Thursday, September 22, 2011

Pull Out

Finally the last piece from surgery has come out of my leg today. It's called a "pull-out" (Italians use this word in English) and the doctors literally pulled its 10 cm out of my leg during a visit at the hospital today. I got the green light to start putting slight weight on my left foot.

It's such a satisfying moment.

After 2 months of hopping, crawling and walking with crutches and the leg up, I can start to feel a bit more normal as I move through my world. I even walked up the steps to my condo today. Those two floors of stairs were always a marathon to do before: hopping and trying to pass up and down my spare crutch to myself as I navigated them using one crutch and one hand firmly holding onto the railing, the only safe way to do stairs I found other than on my bottom.

I will also be able to take a regular shower and get my leg wet for the first time in two months.

It's the small things that become so exciting to get back after surgery.

Wednesday, September 14, 2011

A Beautiful Thing on September 11, 2001

Since I live abroad, I didn't get quite as much of the publicity blitz regarding the build up to the anniversary of September 11th like most Americans stateside. I may be making a comment quite late according to the calendar's date, but I didn't feel I had very much to say or offer on this blog before today.

This is the story how I found out about the tragic events:

I was in Italy the day of the horrible event and saw the smoking towers from 40 television sets that were on display in the appliance store where I was buying a cell phone in Venice that day at 3 o'clock in the afternoon. You see, I was living in that city then. It was surreal to see that "absurd" picture repeated so many times across so many screens. Then I overhead some comments by the local salesman speaking in dialect to each other and realized that the images were something that was really happening. I had already made a special Internet appointment that day at one of the city libraries offering free access. (In those days, I didn't have my own computer or personal Internet access.) I remember being so happy and horrified as I got about 30 minutes of a email conversation in almost real time with people living in the New York area. Then the lines went dead, even my internet access to them. But I knew they were safe.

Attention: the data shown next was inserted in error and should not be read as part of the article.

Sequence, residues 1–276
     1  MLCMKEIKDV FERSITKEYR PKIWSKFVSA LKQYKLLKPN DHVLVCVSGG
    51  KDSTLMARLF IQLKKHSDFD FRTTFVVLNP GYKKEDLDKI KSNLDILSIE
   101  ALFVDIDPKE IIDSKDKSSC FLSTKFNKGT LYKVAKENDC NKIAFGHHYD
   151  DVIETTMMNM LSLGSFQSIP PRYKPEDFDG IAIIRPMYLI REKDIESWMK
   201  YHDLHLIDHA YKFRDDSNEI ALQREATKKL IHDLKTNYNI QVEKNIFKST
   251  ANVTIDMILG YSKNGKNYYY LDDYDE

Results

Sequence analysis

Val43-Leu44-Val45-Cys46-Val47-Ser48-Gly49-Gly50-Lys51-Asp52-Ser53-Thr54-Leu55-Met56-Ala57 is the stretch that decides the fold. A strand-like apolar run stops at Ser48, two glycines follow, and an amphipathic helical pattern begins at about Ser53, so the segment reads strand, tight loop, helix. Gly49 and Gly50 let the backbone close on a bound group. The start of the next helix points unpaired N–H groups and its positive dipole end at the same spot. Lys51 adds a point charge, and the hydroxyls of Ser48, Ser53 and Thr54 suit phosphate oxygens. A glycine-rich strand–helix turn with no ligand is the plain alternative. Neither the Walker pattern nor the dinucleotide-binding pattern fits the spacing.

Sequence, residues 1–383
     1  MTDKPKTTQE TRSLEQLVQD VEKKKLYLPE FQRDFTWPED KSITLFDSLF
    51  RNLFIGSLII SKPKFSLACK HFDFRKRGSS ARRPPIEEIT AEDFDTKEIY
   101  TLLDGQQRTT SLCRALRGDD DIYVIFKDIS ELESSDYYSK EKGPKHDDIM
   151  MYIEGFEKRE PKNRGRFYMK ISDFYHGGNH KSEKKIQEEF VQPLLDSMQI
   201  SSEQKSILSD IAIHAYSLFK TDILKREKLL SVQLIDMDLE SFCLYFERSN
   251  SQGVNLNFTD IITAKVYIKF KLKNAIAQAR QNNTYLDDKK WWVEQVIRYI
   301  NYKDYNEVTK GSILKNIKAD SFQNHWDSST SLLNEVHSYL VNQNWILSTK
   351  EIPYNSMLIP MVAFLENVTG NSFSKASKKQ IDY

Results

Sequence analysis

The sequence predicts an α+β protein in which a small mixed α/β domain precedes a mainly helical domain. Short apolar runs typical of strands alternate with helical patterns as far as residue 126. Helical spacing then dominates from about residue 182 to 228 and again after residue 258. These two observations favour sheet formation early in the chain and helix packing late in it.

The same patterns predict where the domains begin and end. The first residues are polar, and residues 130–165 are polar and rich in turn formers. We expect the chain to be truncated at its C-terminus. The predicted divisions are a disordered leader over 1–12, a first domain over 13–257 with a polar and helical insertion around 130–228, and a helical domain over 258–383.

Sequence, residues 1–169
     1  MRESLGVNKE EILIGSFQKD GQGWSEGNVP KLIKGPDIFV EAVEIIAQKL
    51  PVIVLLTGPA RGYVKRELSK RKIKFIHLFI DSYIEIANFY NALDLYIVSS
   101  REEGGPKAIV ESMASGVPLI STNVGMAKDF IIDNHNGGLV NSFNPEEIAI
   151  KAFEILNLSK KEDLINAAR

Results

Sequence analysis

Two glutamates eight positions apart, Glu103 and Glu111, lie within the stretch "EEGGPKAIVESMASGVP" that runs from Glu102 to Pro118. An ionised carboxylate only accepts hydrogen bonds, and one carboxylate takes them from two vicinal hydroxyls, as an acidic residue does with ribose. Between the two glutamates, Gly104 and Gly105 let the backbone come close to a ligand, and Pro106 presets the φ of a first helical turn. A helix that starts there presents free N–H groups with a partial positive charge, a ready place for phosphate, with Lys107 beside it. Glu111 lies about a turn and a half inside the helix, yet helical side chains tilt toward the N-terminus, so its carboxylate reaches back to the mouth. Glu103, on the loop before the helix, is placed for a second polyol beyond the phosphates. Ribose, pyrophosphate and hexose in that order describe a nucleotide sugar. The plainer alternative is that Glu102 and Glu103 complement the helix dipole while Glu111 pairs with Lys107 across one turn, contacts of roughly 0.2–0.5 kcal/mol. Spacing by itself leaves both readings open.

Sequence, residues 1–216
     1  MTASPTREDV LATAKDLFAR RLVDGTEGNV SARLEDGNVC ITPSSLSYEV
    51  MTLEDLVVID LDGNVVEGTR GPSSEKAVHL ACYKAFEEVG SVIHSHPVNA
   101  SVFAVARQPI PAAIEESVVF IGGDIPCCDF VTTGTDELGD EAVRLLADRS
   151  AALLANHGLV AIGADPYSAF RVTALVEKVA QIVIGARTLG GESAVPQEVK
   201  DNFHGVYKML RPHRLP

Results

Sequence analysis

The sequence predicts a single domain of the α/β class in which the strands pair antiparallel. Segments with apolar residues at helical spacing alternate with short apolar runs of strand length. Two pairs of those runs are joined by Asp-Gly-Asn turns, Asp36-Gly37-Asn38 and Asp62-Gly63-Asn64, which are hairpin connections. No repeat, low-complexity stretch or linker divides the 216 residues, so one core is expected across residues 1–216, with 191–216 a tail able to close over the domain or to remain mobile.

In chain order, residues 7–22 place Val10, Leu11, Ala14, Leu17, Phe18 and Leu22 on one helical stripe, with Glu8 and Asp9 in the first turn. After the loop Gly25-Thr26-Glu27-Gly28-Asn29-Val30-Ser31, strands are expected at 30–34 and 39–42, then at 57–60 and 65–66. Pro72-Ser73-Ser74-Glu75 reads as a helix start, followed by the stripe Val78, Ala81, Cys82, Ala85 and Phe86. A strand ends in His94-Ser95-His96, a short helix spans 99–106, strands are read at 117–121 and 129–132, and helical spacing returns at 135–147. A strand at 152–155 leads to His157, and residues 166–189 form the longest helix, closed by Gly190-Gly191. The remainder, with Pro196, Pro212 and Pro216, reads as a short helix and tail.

I found this video documentary about a heroic underbelly of action on the part of Americans that day in 2001. Boatlift chronicles the efforts of hundreds of boatmen who spontaneously evacuated lower Manhattan Island as the twin towers were smoking and continued after they fell. The men simply wanted to help others in need.

Una riflessione sull'undici settembre

Thursday, September 8, 2011

The Quest for a Non-Stick Shift

I am forced to find a car to rent with an automatic transmission because I can't put any weight or pressure on my left leg for another month or more. This rental purchase has been no small feat.

The reason why I need a special car is because buses won't get me where I need to go. Even though Europe is known for better public transportation than in the US, my area is not one of the best examples of how the system should work. The Veneto consists of several small, medium and large centers that have vast areas of development between them, including residential areas and industrial parks. When you are travelling, it is really difficult to see where one city district ends and another one begins, for this reason. The people of the Veneto decided to build out and not up (like New York or even Lombardia and the example of Milan).